Hip Flexor Information.

Hip flexor information:  An anatomical description.

The hip flexor is a group of muscles that allow you to lift your knees and bend them at the waist.
Deep in the abdominal cavity, they are some of the strongest muscles in the body.
You put a lot of stress on your hip flexors when you sprint or kick.
When you do specific sports ,  martial artists, long jump, high jump and most atheltics, you can be   prone to hip flexor injuries. Hip flexor injuries are Generally felt in the lower back and the  upper groin region.

The group of muscles that form the hip flexors bring the legs and trunk together and allow for a flexible though firm connection and. These muscles allow you to move your leg or knee upwards to the core and you can bend the torso forward at the hip.

Below we have listed the muscles forming the hip flexors:

  • psoas major and minor
  • iliacus
  • rectus femoris
  • pectineus
  • sartorius

Hip flexor information Functions of Hip flexor muscles:

Flexion= contraction = holding or pulling toward eachother

When a  muscle contracts, it draws the endpoints towards eachother,in the case of a hip flexor muscle the pelvis and hip bones. Bedcause the hip flexorsconnect spine, hip, pelvis and hip bone, They creaste a strong and stable foundation for the upper body. They draw together the bones of the leg and the bones of the hip or spine at the hip joint. If the hip is already flexed, such as when you are sitting, these muscles aren’t working. A sedentary lifestyle can lead to having weak and tight hip flexors as they are always in the shortened position. They need to get a tretch or workout when you walk or move. Simple exercises  such as raising your leg to climb stairs, run, or ride a bicycle. Below on the hip flexor information page we discuss the specific muscle anatomy of the hip flexor.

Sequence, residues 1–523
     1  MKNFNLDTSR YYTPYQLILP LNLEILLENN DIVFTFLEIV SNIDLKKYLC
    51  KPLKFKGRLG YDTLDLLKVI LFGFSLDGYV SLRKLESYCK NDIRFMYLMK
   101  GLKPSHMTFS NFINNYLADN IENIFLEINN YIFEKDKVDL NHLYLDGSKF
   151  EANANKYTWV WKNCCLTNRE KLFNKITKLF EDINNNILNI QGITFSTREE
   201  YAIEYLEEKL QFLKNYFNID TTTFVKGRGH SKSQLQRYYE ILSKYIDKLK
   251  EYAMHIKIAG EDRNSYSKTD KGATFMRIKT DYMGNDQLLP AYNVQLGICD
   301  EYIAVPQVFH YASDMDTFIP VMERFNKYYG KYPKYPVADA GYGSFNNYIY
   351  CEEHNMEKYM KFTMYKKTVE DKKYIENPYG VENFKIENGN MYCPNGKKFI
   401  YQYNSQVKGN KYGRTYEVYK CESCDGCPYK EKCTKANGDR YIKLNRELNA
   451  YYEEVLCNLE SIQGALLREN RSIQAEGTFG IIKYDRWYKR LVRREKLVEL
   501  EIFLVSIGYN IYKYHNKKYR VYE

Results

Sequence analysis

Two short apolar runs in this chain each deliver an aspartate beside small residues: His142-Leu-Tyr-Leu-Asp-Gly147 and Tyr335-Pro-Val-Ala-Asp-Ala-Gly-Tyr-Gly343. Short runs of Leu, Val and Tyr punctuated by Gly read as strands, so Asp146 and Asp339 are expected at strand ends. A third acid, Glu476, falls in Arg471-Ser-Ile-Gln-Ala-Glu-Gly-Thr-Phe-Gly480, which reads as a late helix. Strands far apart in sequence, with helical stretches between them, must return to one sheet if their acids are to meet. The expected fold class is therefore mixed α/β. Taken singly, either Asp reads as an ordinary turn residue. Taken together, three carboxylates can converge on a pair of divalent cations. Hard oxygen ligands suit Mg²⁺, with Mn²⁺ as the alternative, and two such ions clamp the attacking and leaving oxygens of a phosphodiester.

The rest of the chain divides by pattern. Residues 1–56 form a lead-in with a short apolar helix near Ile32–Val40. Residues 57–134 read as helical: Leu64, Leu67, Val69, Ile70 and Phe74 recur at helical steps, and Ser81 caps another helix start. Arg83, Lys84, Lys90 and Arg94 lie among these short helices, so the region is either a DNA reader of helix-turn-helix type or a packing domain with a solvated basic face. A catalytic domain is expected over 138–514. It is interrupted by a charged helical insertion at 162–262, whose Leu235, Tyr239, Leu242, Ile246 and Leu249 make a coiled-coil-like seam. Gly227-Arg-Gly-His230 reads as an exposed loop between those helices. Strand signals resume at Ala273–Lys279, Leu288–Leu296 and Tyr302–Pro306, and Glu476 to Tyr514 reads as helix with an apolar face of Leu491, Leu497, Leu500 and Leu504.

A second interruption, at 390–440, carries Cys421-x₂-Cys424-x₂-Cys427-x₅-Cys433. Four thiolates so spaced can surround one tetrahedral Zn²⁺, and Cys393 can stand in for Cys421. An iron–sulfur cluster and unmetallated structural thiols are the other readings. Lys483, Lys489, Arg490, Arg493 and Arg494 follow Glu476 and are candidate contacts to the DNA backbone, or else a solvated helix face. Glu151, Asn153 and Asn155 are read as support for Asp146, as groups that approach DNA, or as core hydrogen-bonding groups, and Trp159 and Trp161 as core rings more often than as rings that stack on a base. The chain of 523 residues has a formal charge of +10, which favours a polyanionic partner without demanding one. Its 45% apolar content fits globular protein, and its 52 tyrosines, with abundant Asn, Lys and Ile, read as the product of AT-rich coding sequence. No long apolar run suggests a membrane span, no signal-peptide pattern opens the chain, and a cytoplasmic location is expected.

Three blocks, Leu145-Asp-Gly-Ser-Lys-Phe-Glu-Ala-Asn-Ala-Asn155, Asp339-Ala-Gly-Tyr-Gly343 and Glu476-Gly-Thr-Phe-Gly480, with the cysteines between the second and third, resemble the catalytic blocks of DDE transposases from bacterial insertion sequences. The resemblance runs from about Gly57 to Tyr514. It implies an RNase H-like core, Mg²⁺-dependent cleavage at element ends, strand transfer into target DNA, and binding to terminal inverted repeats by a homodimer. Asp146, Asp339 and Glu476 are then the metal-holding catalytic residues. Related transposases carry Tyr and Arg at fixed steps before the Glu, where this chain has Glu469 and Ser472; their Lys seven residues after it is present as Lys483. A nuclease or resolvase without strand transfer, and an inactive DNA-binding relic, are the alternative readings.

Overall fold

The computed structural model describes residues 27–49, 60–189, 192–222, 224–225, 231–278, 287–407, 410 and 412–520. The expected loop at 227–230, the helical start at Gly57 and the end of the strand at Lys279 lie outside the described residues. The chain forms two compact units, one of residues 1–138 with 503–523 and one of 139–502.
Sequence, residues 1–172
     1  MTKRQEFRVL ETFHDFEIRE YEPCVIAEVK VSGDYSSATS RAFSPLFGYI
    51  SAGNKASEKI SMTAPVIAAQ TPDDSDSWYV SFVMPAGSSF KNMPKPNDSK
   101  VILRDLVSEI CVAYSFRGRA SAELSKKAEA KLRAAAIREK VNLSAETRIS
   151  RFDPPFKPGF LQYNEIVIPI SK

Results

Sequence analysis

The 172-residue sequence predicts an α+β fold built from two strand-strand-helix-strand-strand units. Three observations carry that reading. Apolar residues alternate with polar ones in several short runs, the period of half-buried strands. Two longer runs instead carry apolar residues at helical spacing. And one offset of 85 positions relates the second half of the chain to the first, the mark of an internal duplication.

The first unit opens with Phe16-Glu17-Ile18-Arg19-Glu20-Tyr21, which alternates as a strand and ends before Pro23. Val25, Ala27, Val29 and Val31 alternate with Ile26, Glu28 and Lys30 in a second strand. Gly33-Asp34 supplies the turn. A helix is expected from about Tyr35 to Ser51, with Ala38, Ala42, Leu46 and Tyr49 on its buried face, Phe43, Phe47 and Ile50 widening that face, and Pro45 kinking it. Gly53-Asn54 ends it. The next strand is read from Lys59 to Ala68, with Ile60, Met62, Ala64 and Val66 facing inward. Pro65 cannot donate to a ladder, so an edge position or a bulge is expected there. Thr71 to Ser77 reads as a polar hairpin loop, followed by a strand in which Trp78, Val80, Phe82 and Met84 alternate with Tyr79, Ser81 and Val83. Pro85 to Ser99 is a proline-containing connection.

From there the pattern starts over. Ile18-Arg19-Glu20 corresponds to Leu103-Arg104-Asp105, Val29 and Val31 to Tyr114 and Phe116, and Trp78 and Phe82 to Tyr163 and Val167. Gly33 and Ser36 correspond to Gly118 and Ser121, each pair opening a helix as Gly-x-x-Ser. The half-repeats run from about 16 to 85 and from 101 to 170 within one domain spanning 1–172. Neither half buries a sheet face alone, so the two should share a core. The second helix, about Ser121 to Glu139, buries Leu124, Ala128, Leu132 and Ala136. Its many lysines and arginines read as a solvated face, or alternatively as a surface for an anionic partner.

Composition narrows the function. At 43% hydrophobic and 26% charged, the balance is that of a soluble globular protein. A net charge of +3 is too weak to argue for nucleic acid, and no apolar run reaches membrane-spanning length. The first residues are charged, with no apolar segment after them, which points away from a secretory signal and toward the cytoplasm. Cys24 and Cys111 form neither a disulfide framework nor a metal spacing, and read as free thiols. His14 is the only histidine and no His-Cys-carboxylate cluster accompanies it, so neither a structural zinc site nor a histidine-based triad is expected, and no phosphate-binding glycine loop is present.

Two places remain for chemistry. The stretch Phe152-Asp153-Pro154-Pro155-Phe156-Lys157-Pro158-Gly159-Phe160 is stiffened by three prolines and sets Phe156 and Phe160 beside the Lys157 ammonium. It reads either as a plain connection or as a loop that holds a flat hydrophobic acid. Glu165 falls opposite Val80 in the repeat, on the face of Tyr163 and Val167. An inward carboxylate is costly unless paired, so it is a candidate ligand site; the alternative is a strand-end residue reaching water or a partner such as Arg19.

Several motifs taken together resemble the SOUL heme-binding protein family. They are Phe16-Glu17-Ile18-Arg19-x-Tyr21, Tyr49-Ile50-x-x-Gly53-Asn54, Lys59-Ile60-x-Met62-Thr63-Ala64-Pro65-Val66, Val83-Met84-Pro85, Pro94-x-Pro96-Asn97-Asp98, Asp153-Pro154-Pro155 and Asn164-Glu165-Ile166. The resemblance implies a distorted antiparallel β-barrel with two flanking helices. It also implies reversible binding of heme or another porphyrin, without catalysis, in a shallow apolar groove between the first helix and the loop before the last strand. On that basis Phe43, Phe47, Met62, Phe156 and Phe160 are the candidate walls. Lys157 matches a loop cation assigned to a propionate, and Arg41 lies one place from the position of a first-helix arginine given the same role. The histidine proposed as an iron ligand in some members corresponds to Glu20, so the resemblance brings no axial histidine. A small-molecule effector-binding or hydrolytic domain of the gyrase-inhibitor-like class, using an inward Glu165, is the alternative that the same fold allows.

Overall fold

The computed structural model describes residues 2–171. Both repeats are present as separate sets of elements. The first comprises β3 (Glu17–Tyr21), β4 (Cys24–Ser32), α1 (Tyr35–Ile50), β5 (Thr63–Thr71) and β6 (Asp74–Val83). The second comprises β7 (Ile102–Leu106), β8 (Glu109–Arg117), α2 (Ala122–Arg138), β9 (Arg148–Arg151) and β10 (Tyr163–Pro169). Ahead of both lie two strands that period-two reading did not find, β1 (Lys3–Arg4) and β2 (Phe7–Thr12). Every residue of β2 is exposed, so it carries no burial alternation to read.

Psoas Major Muscle

The psoas muscle is hidden deep in the pelvis and connects the spine to the leg. In fact, it is the only muscle that connects these.  It runs from your lower back through the pelvis, passing to the front of the hip where it connects to the top of the thigh bone (or Femur).


Iliacus Muscle

The Iliacus is a flat, triangular muscle, which also lies deep within in the pelvis. It attaches from the pelvis to the thigh bone (femur). Its primary action is to flex and rotate the thigh.

Rectus Femoris Muscle

This muscle is one of the four quadriceps muscles, attaching the pelvis to the patellar tendon of the knee.

Squats and lunges exercise the rectus femoris.

Learn More About the Rectus Femoris

Pectineus Muscle

The pectineus muscle is a flat, quadrangular muscle that lies at the top inner thigh. It is primarily responsible for hip flexion, but it also adducts and rotates the thigh.

Sartorius Muscle

The sartorius muscle is a long thin muscle that runs down the length of the thigh from the pelvis to the knee. It is the longest muscle in the human body and helps flex the knee and leg.

Hip Flexor Injuries

You can strain or tear one or more of your hip flexors with sudden movements such as changing directions while running or kicking. Sports and athletic activities where this is likely to occur include running, football, soccer, martial arts, and hockey. In everyday life you can strain a hip flexor when you slip and fall or make a sudden change in direction. The chief symptom of a strained or torn hip flexor is pain in the area at the front of your hip where it meets your thigh. With a tear, it may be hard to walk and you may need to use crutches as it heals.

We hope this page has given you the hip flexor information you were looking for, please feel free to browse the website for more in depth and specific articles